Sigmatix, an 18-month-old start-up focusing on LTE and WiMax 4G technologies, is actively pursuing an SDR approach for cellular applications. According to Dave Kelf, president and chief executive officer, the SDR concept has been around for 20 years or so and has found use in some applications, although it has never reached the performance levels necessary to serve mainstream companies in the cellular industry. Kelf expects that situation to change as SDR designers begin to take advantage of all the parallelism and concurrency available in modern processors. Sigmatix plans to take advantage of modern processor capabilities with a multimode vector radio, which takes advantage of the vector-processing capability of processors having wide SIMD (single-instruction/multiple-data) and VLIW (very-long-instruction-word) architectures. “We can get much greater performance out of these processors,” he says. Sigmatix can code 4G baseband functions on them and see a 30-fold improvement in performance or a concomitant reduction in power for the same performance. The company expects to make a formal announcement about its product offerings during the next quarter.
Kelf sees application opportunities for such an approach in handsets that combine LTE, GSM, CDMA, and Wi-Fi standards. “If you look at a typical handset, you might need five or six baseband chips for LTE, WiMax, GSM, CDMA, and Wi-Fi,” he says. “Each chip might cost from $4 or $5 up to $15 or $16 for HSDPA. And the first WiMax chips coming out cost as much as $68, and that’s way too much.” He adds that all these standards have similar processing needs and that cell-phone vendors are all looking at ways of using software so they can have one chip to process all the standards.
Kelf notes that cellular base stations already use a lot of software processing, but power consumption is high. He sees opportunities for low-power SDR in the emergence of femtocells, which can accommodate 300 or so cell phones within a 100-foot radius versus the 300 phones within a several-mile radius for a traditional base station. “Femtocells are a real market-changing technology,” he says. Occasional-access devices also offer opportunities for SDR technology. Unlike a cell phone or a computer, such devices, including power meters and e-books, need only intermittent access to the cellular network. A power meter, for example, might report home-power usage every three months, whereas a GPS-navigation device might download traffic information at the beginning of a trip. An e-book needs cellular access only when its owner purchases a new book. All these devices have processors, which you can press into service to run the SDR algorithms. That feature can eliminate the need for a $10 or $20 baseband chip in a device whose total bill of materials may be only $40 to $50.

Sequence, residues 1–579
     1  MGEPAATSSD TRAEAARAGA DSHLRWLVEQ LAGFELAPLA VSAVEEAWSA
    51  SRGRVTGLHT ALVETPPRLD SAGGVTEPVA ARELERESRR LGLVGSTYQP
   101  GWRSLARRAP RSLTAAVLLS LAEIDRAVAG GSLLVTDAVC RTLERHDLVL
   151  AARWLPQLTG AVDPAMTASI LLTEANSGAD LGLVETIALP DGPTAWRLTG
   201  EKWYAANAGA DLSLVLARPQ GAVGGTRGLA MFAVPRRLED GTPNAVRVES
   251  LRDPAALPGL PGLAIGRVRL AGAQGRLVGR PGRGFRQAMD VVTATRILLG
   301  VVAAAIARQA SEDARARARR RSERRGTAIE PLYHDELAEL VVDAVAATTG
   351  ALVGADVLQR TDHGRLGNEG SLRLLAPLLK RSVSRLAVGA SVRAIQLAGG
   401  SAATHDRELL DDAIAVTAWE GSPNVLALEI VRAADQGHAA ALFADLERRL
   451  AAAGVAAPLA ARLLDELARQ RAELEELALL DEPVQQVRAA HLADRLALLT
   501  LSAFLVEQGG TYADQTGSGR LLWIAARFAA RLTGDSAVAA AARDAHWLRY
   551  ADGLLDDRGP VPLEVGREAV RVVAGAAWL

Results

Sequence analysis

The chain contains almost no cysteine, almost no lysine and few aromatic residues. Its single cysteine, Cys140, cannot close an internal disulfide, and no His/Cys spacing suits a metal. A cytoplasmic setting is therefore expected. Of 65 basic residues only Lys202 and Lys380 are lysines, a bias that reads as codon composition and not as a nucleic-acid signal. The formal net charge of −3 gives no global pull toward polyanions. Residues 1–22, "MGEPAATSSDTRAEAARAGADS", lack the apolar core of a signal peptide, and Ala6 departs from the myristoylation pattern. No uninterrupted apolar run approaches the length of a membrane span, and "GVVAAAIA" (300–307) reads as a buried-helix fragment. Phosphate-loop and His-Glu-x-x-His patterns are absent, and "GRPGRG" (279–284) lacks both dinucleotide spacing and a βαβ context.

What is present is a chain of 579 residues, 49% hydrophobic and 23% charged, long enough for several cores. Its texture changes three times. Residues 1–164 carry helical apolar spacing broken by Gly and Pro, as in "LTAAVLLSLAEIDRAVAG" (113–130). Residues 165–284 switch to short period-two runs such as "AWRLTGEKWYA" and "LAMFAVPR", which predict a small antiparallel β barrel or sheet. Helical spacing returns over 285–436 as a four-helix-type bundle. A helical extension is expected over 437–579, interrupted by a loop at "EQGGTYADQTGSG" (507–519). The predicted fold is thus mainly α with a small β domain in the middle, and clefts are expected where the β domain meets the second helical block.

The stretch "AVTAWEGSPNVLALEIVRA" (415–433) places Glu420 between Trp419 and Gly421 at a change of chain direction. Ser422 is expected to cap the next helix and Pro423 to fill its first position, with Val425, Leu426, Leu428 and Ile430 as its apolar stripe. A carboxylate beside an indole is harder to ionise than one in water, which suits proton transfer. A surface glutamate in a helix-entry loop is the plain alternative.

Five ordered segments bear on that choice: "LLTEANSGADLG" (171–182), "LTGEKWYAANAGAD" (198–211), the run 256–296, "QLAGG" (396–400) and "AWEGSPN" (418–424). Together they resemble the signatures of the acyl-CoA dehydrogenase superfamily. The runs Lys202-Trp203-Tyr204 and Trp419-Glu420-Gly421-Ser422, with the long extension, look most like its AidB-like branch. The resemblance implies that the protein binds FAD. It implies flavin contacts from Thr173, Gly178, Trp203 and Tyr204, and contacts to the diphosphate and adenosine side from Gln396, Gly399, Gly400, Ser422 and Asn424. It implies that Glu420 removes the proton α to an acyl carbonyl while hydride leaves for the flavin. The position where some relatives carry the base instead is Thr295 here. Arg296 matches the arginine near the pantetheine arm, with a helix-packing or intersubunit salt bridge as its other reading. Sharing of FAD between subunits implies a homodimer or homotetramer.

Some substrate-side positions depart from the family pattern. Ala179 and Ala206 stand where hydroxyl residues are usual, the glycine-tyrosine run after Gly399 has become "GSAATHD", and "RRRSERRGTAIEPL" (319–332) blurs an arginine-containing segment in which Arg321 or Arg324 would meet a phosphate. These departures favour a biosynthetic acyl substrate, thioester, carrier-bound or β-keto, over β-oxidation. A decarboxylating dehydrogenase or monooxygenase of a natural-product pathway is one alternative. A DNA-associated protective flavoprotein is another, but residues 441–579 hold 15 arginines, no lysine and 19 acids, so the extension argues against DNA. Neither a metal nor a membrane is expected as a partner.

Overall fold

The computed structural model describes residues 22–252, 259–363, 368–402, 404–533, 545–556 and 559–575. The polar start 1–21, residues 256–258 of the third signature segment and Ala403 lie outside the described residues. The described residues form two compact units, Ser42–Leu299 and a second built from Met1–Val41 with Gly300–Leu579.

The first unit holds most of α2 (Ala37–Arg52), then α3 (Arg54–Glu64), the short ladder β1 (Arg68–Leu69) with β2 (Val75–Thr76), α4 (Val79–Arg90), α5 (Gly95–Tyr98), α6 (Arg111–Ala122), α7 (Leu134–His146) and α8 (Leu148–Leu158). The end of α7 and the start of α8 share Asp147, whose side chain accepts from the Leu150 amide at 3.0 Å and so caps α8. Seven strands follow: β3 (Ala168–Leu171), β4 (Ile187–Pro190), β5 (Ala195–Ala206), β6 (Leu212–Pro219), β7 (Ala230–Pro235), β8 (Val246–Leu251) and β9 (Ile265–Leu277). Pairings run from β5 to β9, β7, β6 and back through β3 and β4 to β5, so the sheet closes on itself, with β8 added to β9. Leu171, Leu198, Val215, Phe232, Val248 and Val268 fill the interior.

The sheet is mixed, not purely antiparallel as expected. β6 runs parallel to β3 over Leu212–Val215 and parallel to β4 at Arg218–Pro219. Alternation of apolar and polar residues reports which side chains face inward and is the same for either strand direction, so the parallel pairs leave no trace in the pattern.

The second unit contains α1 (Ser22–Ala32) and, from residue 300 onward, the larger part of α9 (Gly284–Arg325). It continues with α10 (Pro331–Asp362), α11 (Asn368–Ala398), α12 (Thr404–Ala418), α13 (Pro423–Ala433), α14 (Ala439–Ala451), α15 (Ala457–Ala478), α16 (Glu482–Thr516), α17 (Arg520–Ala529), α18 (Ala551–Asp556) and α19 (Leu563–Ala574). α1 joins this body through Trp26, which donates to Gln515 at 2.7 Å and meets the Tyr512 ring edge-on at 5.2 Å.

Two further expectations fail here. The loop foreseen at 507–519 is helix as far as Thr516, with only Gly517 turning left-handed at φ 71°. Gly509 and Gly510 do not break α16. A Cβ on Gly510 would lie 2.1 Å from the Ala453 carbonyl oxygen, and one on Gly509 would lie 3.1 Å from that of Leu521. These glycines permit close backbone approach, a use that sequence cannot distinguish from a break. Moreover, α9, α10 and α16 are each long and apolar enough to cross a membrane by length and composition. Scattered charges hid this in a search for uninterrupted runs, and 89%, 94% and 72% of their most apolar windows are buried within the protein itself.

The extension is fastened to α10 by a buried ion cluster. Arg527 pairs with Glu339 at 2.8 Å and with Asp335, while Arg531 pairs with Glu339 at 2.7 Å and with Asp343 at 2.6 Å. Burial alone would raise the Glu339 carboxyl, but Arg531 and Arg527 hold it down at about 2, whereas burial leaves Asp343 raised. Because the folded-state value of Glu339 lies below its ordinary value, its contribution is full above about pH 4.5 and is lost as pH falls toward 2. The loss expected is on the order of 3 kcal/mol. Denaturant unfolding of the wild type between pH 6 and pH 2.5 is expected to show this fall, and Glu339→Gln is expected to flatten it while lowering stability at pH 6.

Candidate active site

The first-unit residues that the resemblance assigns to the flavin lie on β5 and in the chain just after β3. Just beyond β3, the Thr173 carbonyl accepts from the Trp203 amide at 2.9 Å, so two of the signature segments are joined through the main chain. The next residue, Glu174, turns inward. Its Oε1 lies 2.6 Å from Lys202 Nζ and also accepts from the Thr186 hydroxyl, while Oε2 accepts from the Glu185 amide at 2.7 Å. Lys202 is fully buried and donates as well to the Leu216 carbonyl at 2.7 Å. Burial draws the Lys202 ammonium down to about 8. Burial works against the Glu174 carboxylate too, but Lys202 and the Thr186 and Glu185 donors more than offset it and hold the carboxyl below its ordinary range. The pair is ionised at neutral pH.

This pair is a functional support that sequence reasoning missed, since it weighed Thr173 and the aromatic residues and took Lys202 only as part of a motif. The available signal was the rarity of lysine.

OctoScope’s Mlinarsky elaborates on the need for the flexibility that SDR affords. The challenge is to design devices requiring pervasive connectivity that can figure out what spectrum is available and renting—rather than buying—that spectrum in the white spaces, for example, for short-term use (Reference 1). “Programmability is becoming important, and that’s where Sigmatix is positioning itself,” says Mlinarsky, who has consulted for Sigmatix, as well as companies including Atheros and Intel. Intel has a history of trying to turn analog and RF problems into software problems that its processors can solve (Reference 2).
Baseband functions that once had to be implemented in FPGAs or ASICs can now be implemented in software. With the introduction of 3G, WiMax, and LTE, designers started quickly catching on that a lot of baseband functions share some common structures for different protocols, for coding and decoding, for performing FFTs (fast Fourier transforms), IFFTs (inverse FFTs), and a slew of other functions. Such functions embody inherent parallelism and can run on parallel-processor architectures. “The issue is that humans are not very good at doing parallel programming because you have to keep hundreds or thousands of pieces of information in your head,” Mlinarsky says. “Humans are not good at that, and compilers are much worse. Today, we have a world where Moore’s Law doesn’t permit further scaling of single processing engines sufficiently to get more computational capacity, so we are starting to see multicore PCs. But most applications don’t take advantage of multicore processors because nobody knows how to program them. They sit there and warm up our laps.”
The problem lies not in the computational hardware but in the algorithms. “The processing [for SDR] must be parallel due to the nature of baseband algorithms and because we are running out of Moore’s Law capacity,” she says, for further performance enhancements for single-core processors. “We can put a lot of cores in there cheap,” Mlinarsky adds. “But how do we most efficiently program them in a way the human mind can deal with? You don’t want to use superhuman programmers; you can’t find enough of them. You need something between a compiler and the hardware to make the SDR architecture work.” Sigmatix and, no doubt, many of the traditional wireless-chip suppliers will want to solve that problem.
|Wireless at a glance|
Bluetooth: wireless standard serving cable-replacement and personal-area-network applications.
GPS (global-positioning system): US government’s space-based, real-time radio-navigation system.
LTE (long-term evolution): the 3GPP (Third Generation Partnership Project) strategy for the 3GPP’s cellular technology.
WiMax: worldwide interoperability for microwave access, a technology based on the IEEE 802.16d and 802.16e standards for fixed and mobile communications, respectively; also known as wireless MAN (metropolitan-area network).
Wi-Fi: wireless local-area-network technology built on the IEEE 802.11x family of standards.
ZigBee: a technology building on the IEEE 802.15.4 standard that supports low-power remote-monitoring applications.